DENVER, COLORADO, US — The rural United States is experiencing a dichotomy of improving industry fundamentals and a surge of coronavirus (COVID-19) cases, according to a quarterly report released by CoBank’s Knowledge Exchange on Oct. 8. Rural communities are now the source of a disproportionate number of new cases, just as many Americans are beginning to spend much more time indoors.

“The good news, at least from an economic standpoint, is that many rural industries have begun to turn the corner,” said Dan Kowalski, vice president of CoBank’s Knowledge Exchange division. “This is particularly true in agriculture. A weaker, steady dollar has supported a price recovery in most agricultural commodities. And despite the myriad of challenges they’ve faced in 2020, essential rural industries are finding new ways to survive and, in some cases, thrive.”

The US ethanol sector continued to recover during the third quarter to a new baseline level equaling roughly 90% of pre-COVID demand. Recent developments surrounding E15, small refinery exemptions, federal relief and another delay on Brazilian import duties appear to be incremental positives for the ethanol complex, according to the report.

Large grain sales to China, and recent reductions in ending stocks and expected production, have provided a relief rally for US grain farmers. Strong export sales were a major driver of recent positive commodity price performance. However, China has a propensity to announce but not close grain purchases, so whether China will ultimately import the grain remains a lingering question.

Farm supply retailers navigated through a volatile, yet ultimately successful growing season. The current season ended with an expected strong harvest despite crop damage and stress caused by extreme storm activity and dry weather. Direct government payments to agriculture producers throughout 2020 could result in higher prepayments to farm supply cooperatives during the fourth quarter in advance of the spring 2021 planting season.

The US beef complex ended the third quarter in a far better position than where it started. Over the last three months, boxed beef cutout has climbed 5%. This helped lift cattle prices by 10% since the low around Independence Day. Profitability for cattle feeders has improved to break-even levels on a cash basis and packer margins have remained elevated.

Renewed optimism for trade is the bright spot for the US pork sector after pork exports slowed significantly over the summer. Germany discovered African swine fever (ASF) in wild boars, leading many key pork importing markets to ban pork exports from Germany. Lean hog futures have spiked on this news. Hog producers are expected to lose $7 per head in the coming quarter and see positive margins of $15 to $20 per head in the first half of 2021.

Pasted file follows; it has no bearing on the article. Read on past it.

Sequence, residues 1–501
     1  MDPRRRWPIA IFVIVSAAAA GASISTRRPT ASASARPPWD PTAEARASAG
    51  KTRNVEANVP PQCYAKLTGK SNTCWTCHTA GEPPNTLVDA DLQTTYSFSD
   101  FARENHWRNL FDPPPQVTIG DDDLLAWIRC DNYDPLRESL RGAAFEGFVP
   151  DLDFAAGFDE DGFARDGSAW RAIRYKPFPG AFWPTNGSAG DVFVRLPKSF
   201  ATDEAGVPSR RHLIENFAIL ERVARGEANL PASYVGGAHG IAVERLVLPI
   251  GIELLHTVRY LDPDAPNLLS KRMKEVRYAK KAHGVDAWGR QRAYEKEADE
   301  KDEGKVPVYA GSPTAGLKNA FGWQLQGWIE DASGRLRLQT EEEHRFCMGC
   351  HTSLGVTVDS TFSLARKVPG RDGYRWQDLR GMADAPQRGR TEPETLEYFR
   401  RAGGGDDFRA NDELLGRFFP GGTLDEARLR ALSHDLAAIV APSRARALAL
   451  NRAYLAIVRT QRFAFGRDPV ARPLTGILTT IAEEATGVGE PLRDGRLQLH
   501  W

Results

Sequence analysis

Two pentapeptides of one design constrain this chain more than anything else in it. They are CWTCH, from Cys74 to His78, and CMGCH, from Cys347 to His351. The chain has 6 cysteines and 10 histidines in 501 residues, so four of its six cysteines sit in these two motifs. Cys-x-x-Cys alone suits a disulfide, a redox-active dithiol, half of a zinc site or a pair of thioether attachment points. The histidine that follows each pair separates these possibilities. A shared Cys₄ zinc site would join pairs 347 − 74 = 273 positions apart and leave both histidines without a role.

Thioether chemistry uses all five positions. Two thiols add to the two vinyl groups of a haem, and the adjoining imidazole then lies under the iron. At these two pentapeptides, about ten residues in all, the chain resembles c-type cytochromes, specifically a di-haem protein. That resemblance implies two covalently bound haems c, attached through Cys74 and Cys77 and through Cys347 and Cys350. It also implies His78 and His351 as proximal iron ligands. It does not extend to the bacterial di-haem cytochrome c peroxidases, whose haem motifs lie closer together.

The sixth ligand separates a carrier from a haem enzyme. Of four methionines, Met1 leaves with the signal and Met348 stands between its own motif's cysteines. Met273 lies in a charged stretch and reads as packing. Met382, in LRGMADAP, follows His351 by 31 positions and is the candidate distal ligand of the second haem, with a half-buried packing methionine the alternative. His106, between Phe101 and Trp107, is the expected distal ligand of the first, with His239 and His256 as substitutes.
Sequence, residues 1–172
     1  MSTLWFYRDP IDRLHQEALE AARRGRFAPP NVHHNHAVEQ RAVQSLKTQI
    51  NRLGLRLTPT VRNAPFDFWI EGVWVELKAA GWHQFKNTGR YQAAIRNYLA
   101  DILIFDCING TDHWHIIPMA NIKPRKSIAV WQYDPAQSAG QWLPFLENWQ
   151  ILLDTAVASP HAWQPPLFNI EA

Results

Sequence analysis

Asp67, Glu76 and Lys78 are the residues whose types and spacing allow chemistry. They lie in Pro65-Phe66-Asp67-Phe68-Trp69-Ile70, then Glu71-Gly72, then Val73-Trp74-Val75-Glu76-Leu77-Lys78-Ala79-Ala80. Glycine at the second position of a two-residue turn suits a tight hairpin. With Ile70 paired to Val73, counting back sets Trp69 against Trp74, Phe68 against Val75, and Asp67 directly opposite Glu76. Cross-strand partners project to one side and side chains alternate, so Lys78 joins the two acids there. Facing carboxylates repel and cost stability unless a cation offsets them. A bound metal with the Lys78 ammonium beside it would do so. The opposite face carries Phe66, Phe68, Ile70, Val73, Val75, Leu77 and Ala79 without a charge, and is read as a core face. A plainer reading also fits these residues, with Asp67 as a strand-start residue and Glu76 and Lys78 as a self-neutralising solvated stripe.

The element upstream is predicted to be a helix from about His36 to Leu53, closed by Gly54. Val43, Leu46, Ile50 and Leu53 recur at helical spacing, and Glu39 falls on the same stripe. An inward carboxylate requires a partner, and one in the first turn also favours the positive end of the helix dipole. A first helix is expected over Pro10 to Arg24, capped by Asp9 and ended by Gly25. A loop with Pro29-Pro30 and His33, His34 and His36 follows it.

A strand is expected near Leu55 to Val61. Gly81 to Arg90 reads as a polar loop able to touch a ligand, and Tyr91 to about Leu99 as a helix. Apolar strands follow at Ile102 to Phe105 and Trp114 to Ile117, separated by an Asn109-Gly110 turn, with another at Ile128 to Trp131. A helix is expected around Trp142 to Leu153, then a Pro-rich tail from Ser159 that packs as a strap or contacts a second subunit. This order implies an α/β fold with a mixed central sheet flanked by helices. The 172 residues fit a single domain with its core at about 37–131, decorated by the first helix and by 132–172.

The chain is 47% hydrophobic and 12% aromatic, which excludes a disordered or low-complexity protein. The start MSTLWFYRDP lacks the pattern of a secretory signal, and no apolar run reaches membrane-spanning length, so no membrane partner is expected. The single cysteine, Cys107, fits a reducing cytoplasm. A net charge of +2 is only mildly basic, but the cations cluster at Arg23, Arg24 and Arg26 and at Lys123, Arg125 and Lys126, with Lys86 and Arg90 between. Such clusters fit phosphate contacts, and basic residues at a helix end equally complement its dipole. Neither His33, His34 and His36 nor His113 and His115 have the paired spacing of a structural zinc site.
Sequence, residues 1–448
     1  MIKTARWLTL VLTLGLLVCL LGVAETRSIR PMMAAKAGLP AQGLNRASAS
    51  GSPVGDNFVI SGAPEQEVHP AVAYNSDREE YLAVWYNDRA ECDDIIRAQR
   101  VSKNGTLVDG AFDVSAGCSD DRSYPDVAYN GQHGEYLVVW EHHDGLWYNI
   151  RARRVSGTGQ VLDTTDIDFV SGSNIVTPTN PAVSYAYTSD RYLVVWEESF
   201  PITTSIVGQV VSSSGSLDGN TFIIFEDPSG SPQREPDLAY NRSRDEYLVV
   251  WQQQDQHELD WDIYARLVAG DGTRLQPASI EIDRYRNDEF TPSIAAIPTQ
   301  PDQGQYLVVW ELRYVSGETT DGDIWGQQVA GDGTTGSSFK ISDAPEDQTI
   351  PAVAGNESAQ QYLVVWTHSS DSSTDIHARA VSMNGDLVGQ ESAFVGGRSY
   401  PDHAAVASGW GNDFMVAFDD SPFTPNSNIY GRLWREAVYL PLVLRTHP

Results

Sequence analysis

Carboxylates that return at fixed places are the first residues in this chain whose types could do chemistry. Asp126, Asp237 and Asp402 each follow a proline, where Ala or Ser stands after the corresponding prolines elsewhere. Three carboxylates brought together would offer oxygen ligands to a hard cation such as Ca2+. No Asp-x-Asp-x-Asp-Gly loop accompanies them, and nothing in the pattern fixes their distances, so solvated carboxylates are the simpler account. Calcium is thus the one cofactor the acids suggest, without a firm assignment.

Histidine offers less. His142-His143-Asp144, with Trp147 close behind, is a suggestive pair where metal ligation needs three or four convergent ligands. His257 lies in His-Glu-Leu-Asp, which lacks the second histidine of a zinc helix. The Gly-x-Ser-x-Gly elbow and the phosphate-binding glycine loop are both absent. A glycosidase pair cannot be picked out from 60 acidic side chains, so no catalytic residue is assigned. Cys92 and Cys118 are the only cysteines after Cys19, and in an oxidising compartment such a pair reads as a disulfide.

Foodservice continues to be a difficult channel for US animal protein, but the chicken sector is faring better than most, thanks to quick-service restaurants and take-out dining. The third quarter brought improved pricing and margins for the US chicken industry. Most producers were modestly profitable over the summer. The weak spot in the US chicken complex continues to be dark meat chicken prices.

The reopening of restaurants in the third quarter was welcome news for specialty crop producers and processors with foodservice contracts. Although the expected rise in COVID-19 cases this fall and winter would further strain the restaurant sector and close more schools, causing greater uncertainty. Produce sales at retail grocery stores, however, remain solidly above year-ago levels and are widely expected to remain at higher levels than prior years for the foreseeable future.

US rough rice futures ended the third quarter near contract highs in the pan-commodity rally with support from a weaker US dollar. Rising global prices, notably in Brazil, hint at a potential improvement in export demand for US rice in Q4.

The full quarterly report is available on